Death of Indigenous teenager in Australia raises questions

16-year-old Jai Wright died on Saturday following a crash with an unmarked police car. His family members have raised questions over “inconsistent information” regarding his death given by the police

February 22, 2022 by Peoples Dispatch
Aboriginal teenager death Australia
A mural commemorating Jai Wright by artist Kalani Ryan in Sydney. 

In Australia, doubts have emerged over the circumstances surrounding the death of an Indigenous teenager in Sydney. 16-year-old Jai Wright died in hospital on Saturday, February 19, after sustaining serious head injuries from a crash with a police car. Wright was riding an allegedly stolen motorbike which crashed with an unmarked police vehicle.

Wright’s family is now calling for an independent inquiry into his death and has raised questions about the ongoing police investigation. In a press conference held by the Wright family on Monday, February 21, the family pointed out inconsistencies in the statements given by the police to them.

According to Lachlan Wright, Jai’s father, senior officers of the Sydney City Police had first informed him that the crash occurred while Jai was being pursued after being found riding a motorbike that was reported to have been stolen minutes before the incident along with a Mercedes. Another teenager, the same age as Jai, was later arrested with the Mercedes from the area.

Later, Jai’s father was told by a police investigator working on the case that there was no pursuit and that Jai had lost control of the vehicle and crashed into the police car.

The Wright family have stated that because of the “inconsistent information” received, there needs to be an investigation separate from the one that the police is conducting. “We have been given inconsistent information by police as to what caused Jai’s death,” said Lachlan Wright in an emotional statement to reporters. “Who do we believe now? What is the truth? We want to know the truth.”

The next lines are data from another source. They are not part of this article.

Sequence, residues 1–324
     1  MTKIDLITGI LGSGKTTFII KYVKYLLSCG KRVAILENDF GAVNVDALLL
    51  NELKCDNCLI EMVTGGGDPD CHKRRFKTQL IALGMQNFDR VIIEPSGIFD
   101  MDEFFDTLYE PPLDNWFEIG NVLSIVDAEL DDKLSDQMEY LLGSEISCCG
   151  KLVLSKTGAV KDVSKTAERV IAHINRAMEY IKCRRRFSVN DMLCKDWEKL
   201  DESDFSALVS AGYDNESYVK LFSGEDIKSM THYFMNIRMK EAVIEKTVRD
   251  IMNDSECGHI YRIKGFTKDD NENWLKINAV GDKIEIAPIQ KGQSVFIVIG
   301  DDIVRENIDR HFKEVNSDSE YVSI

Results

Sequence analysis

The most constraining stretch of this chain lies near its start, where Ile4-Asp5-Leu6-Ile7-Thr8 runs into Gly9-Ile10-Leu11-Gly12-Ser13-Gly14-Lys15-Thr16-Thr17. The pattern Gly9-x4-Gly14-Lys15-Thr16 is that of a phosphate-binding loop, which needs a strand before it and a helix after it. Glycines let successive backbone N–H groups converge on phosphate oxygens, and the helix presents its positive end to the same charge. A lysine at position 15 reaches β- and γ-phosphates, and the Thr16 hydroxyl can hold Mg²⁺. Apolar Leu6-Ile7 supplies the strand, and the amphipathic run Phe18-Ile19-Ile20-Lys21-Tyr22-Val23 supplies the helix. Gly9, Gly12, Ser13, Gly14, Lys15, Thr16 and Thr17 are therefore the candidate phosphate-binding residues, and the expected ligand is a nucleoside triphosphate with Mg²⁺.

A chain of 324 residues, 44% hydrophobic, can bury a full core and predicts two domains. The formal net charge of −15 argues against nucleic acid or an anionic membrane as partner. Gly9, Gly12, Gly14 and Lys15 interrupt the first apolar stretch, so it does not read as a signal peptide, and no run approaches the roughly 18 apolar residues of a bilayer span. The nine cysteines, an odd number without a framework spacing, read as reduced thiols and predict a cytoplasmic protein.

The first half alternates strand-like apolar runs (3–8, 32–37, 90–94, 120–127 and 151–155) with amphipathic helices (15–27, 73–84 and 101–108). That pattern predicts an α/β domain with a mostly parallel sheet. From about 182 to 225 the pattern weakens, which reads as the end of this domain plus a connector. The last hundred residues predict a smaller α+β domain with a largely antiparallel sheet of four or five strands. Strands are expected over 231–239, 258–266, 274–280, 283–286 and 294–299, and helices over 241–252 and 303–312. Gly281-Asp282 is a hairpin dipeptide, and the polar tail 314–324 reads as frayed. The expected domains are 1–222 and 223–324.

Lachlan Wright also questioned the reliability of the police officers conducting the investigation. “To be an independent investigation, you can’t be a police officer,” he said. “You can’t be a police officer investigating other police officers. That just doesn’t make sense to me. That’s my kid. I am never going to see him again. I just want to know the truth.”

The police investigation is currently being led by officers from the Area Command where the incident occurred. The officers in the investigation belong to the same area and the final report will be subject to an independent inquiry later. Nevertheless, the Law Enforcement Conduct Commission, the police watchdog in New South Wales, has said that it is “independently monitoring the investigation” to “ensure public confidence in the investigation.”

A public outpouring of grief was witnessed after Jai’s death, especially due to the uncertainties surrounding the incident. A march has been announced on Friday, February 25, through Sydney to police stations in Waterloo and Redfern neighborhoods.

Sydney has previously witnessed major protests against police racism and violence. Last week marked 18 years since the death of 17-year-old TJ Hickey in an accident caused while being pursued by the police. The death led to massive protests across Sydney in 2004, but Hickey’s family continues to demand accountability.

According to a December report by the Australian Institute of Criminology, 500 aboriginal individuals have died in custody from June 1991, when a scathing royal commission report on aboriginal custodial deaths was released, till December 2021. Four of these deaths were reported between November and December 2021.

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